Prized for its use in tomato paste and sauces, Roma produces a large harvest of thick-walled, meaty, bright red, egg-shaped tomatoes about 3 inches long and with few seeds. This tomato is not juicy. This is not a slicing tomato. Instead, the flesh is thick and drier so that it will cook down into a thick sauce. Cooking intensifies flavour, too. If you can tomatoes, make your own spaghetti sauce, or like to chop a tomato into an omelet, this is a great choice. It’s not too juicy in the pan compared to slicing tomatoes. The fruit freezes well for later cooking, too.
The compact, determinate vines are resistant to verticillium wilt (V) and fusarium wilt (F) and widely adapted throughout the US.
- Light Full sun
- Fruit size 3 inches long
- Matures 73 to 80 days
- Plant spacing: 24 to 36 inches apart
- Plant size: 4 to 6 feet tall
- Plant type Determinate
Light requirements Full sun.
Planting Space 18 to 36 inches apart, depending on type. (Read the stick tag that comes with the plant for specific spacing recommendations.) Plant deeply, burying 2/3 of the stem.
Soil requirements Tomatoes need well-drained, nutrient-rich soil. Amend soil with compost or other organic matter prior to planting. Soil pH should be 6.2 to 6.8.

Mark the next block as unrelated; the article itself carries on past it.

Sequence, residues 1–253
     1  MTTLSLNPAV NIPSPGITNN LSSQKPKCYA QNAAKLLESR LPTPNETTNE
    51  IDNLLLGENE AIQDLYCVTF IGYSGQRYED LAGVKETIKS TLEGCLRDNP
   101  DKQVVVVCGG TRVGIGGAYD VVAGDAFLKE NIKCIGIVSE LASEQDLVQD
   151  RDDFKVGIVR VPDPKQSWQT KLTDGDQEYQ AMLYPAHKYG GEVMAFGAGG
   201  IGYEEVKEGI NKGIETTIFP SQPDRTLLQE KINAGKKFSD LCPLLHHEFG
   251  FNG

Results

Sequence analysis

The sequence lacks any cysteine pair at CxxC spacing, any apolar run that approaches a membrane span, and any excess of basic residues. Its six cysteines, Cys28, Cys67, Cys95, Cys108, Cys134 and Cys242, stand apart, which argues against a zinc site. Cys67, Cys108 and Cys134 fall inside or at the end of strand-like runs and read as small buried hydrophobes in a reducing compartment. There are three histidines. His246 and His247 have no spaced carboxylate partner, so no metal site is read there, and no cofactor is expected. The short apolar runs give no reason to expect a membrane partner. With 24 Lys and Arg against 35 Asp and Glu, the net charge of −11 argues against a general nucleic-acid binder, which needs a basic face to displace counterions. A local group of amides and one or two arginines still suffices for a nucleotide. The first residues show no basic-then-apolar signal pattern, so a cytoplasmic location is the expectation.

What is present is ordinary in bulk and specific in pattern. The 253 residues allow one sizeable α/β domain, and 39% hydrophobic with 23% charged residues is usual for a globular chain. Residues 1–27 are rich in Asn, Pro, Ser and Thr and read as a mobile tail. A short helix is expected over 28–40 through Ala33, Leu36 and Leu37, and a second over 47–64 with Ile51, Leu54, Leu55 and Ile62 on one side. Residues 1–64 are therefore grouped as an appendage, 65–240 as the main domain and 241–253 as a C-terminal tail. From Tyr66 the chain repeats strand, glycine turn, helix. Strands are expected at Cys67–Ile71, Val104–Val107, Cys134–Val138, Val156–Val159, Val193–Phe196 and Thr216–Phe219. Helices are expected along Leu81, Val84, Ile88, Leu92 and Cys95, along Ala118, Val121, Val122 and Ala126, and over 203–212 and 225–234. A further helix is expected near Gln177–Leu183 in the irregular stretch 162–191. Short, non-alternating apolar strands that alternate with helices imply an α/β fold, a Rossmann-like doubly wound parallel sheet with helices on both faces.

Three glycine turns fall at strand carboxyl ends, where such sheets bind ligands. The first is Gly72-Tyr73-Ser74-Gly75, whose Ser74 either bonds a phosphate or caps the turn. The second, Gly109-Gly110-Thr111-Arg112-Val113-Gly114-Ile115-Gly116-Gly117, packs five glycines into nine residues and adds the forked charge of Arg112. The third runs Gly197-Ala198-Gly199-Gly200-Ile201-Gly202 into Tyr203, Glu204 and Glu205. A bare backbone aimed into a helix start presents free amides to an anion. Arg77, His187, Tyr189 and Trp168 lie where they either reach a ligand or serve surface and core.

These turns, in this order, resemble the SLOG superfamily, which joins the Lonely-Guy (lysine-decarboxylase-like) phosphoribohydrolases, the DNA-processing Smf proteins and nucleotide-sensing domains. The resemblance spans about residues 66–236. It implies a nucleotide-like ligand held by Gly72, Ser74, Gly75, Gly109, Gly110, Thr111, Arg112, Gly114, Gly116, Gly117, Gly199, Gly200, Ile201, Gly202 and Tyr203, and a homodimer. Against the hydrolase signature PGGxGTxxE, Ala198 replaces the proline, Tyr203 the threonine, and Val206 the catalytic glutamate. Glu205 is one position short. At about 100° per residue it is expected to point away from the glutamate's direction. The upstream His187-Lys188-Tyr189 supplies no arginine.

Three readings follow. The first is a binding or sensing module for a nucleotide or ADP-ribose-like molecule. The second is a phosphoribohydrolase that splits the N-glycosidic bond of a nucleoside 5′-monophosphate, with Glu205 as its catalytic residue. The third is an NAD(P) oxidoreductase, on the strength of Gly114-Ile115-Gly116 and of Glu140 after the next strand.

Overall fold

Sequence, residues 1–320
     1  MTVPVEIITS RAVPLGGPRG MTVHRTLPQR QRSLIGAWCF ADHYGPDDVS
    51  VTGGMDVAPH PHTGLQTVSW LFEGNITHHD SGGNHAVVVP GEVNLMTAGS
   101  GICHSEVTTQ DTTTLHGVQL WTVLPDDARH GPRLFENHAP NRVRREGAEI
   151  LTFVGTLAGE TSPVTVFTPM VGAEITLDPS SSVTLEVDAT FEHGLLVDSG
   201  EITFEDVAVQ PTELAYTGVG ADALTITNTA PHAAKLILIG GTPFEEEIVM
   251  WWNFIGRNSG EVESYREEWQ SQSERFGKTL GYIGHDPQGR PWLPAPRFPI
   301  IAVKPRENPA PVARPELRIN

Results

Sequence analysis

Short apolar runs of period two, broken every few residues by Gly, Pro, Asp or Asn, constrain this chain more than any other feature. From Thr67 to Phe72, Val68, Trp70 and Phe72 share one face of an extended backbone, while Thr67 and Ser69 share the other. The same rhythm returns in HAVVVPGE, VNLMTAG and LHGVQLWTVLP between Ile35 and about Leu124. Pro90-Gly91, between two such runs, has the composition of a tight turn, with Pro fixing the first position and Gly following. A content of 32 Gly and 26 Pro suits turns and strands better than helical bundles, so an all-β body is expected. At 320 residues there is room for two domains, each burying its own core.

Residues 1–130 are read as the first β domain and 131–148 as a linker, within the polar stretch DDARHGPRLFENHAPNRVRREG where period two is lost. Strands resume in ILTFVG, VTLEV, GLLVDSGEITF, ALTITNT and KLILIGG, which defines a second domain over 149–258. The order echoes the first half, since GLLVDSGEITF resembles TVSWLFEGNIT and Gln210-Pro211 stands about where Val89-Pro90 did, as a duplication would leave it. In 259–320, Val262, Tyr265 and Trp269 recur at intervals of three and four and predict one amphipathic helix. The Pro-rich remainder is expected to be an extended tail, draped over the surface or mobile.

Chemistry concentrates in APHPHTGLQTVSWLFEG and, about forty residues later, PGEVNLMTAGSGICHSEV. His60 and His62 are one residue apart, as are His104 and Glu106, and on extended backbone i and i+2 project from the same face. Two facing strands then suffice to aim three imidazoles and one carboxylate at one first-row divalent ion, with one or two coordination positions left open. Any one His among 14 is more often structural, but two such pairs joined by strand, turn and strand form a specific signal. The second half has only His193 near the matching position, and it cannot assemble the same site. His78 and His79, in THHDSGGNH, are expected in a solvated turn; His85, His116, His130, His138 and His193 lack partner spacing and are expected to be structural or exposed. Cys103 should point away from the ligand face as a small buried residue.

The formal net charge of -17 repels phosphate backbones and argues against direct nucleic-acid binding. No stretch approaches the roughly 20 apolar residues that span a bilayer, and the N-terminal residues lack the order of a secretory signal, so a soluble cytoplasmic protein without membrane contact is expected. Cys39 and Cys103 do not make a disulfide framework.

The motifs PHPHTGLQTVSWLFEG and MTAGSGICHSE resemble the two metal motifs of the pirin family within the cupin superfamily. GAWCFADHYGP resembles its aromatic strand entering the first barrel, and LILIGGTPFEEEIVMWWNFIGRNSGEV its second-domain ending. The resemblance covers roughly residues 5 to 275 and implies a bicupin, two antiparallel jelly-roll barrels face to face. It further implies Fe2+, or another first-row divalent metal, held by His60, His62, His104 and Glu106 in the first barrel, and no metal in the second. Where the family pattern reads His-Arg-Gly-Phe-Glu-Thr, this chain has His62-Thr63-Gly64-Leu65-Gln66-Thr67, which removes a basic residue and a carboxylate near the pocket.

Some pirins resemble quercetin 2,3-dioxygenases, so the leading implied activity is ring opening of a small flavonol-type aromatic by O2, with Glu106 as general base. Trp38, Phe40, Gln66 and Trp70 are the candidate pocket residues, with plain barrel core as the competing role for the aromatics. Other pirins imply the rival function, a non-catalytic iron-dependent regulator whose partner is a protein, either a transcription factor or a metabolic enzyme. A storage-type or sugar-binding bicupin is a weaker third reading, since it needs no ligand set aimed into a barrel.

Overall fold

Water requirements Keep soil consistently moist throughout the growing season. Moisture is critical to prevent cracked fruits and blossom end rot. Mulch soil to reduce water evaporation.
Frost-fighting plan Tomato is a warm-weather crop—even a light frost will damage plants (28º F to 32º F). Protect newly planted seedlings by covering plants with a frost blanket.
Common issues Pest-wise, watch out for tomato hornworms (big green caterpillars), slugs, pill bugs, rodents. In addition, humid weather invites fungal diseases like early blight and late blight. Plants may stop setting fruit when temperatures dip below 55˚ F or climb above 90˚ F. Blossom end rot can be a problem, as can misshapen fruit.
Harvesting In general, perfectly ripe tomatoes show deep color but still feel firm when gently squeezed. Look up your specific variety for more details. Tomatoes do continue to ripen after being picked. Gently grab and twist until the tomato pulls free from the stem, or use a pair of clippers. Cut stems close to fruits.
Storage Store picked tomatoes at room temperature indoors, or in a shady place outside. Never refrigerate tomatoes, because temperatures below 55° F cause flavor compounds to break down. Tomatoes will store longer if you allow stems and caps to remain in place until you’re ready to eat them. For peak flavor and nutrition, use within a week, although keeping time depends on how ripe fruit is when you pick it.